What the mice taught me…
Confession time: I struggle with clutter. This is a long story, so I broke it into two parts. Stay with me, it’s a good one!
A while ago I was sitting on my couch, comfortably watching TV, when I saw a movement out of the corner of my eye. I thought to myself “it’s just a clump of dog hair I missed when sweeping.” But then, it moved across the wall, going the other direction. No, please, no. Not a mouse. I can handle almost anything, except mice and roaches. It was way too big for a roach.
I kept watching TV, hoping it had just been my imagination. It wasn’t. The mouse ran across the next wall, right into the kitchen. Rrrgh!
So, I sighed, turned off the TV and walked over to investigate. I didn’t see anything at first. After all, I had just cleaned the kitchen and nothing was out of sorts. But then, I looked closer. I saw dog food on the floor. I have three dogs that don’t let anything sit on the floor for very long. I pulled out the fridge and there was mouse poo all over the floor. It was disgusting. Then, in my OCD-ness of a clean kitchen, I opened a drawer. BIG mistake! Mouse poo. Another drawer, more poo. The utensil drawer. Oh, my goodness! I washed the items in that drawer in water so hot my hands were pink for hours.
Once I cleaned all the utensils, I moved back to the first drawer. It was my ‘junk’ drawer. I started to analyze all the items I had in that drawer and began to look at each one individually. What is it? Why did I have it? What was its purpose? Did I need to keep it? Did it belong in this drawer? Did it belong in the kitchen? And once I decided to keep it, and to keep it there, the obvious question. Could I drop it into a pail of hot, soapy water? When the drawers and cabinets were clean, I turned around to stare at the pantry.
I walked towards the door and visions of mice all over my food swept through my mind. But thankfully, mice are nocturnal creatures and my pantry was not infested. At the moment. Although, there were signs that the mouse, or mice, had been there. The shelves in the pantry are wire, so they couldn’t climb too far up. On the floor of the pantry I keep vinegar, lunch boxes, potatoes, and onions. They climbed all over the lunch boxes, using them to get to the lowest shelf where I kept a bowl of Kisses, baking supplies, and a basket of packaged chips. They didn’t touch the potatoes, onions, chips, flour, or other sundries. Those little stinkers had eaten my Kisses!! They would sneak them out of the bowl, take them behind the basket and eat through the foil to the chocolate underneath. I pulled out the basket and a collection of hollowed out Kiss foils were sitting neatly on the shelf.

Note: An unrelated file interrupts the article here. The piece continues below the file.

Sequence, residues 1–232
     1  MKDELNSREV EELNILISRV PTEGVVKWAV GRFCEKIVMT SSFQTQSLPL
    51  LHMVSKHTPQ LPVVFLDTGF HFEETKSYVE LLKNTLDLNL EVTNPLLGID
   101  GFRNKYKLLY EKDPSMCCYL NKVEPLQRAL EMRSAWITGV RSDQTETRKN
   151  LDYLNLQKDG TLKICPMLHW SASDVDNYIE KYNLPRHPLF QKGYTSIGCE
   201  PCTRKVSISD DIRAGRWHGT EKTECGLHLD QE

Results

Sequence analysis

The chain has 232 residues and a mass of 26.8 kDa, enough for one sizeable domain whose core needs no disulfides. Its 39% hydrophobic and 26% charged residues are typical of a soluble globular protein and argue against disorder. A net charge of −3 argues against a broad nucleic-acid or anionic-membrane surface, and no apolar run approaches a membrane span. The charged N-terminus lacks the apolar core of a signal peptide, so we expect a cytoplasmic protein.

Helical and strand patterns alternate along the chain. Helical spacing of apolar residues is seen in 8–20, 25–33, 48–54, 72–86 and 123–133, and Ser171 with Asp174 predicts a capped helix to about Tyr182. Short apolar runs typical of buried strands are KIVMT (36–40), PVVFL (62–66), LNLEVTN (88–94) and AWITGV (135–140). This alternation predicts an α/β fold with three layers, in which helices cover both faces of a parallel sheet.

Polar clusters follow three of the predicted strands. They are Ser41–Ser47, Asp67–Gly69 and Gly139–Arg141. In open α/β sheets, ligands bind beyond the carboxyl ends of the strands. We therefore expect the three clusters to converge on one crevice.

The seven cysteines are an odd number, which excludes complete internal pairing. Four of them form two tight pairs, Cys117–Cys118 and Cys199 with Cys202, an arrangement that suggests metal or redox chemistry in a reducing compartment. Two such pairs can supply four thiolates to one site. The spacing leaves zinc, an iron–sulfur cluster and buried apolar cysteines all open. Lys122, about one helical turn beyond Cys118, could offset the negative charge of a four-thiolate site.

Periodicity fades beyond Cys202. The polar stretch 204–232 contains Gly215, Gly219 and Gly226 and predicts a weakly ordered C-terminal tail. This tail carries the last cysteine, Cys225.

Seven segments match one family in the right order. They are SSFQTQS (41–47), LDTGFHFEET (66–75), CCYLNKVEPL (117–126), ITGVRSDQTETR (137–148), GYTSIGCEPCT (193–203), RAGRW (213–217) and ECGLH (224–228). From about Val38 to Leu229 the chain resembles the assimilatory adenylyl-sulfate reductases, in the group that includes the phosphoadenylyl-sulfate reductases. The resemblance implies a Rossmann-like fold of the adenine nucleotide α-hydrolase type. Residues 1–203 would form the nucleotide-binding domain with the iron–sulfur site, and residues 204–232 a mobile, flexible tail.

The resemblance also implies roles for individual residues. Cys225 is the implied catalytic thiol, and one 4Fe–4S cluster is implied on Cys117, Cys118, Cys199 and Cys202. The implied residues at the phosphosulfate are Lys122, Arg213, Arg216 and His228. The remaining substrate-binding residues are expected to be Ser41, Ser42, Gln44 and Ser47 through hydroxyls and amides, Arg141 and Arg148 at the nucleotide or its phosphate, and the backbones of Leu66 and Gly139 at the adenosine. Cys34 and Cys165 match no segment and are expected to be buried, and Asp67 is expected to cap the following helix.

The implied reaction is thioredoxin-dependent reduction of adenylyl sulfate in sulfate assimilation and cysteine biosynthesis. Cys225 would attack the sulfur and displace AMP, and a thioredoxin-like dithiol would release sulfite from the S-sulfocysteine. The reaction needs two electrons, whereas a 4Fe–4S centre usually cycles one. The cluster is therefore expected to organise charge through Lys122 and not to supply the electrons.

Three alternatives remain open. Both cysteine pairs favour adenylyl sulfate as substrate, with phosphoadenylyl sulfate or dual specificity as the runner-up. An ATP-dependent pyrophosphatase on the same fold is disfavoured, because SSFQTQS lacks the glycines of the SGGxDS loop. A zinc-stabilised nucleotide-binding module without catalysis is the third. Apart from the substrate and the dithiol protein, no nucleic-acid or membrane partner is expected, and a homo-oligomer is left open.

Why so much stuff? Start clearing the clutter…
As I pulled out each lunch box and cleaned them, I realized that for a family of four, we had too many lunch boxes. Ten, to be exact. Then I went through the baking supplies. I had four bags of half used flour, an expired can of baking soda, an empty bag of chocolate chips, and three bags of almond slivers. Why so much waste? Why so much unused food?
It really got me to thinking. Why so much stuff? Why so much clutter? If I had a drawer of stuff in the kitchen I didn’t even know what half of it was, what else was I clinging to in this house? I opened drawers, cabinets, closets, looked under beds, sorted through shelves… and purged. I moved through the house over the following days. As each nook and cranny was cleaned and inspected, I ran through the list of questions. By the end of the month, I had cleaned and purged the entire house, top to bottom; throwing away numerous bags of trash, filled up boxes and boxes to donate, and one small box of items to sell. More important than any of the stuff that left the house, was an immeasurable sense of lightness.
That day I realized we had spent too many years collecting. But for me, it went so much deeper. As I worked my way through the house, I started to notice a pattern. The questions evolved from complex to simple. ‘What is it?’ became ‘Do I use it?’ ‘Why did I have it?’ became ‘Do I need it?’ ‘What was its purpose?’ became ‘Do I love it?’
The story continues, to read Part Two click here.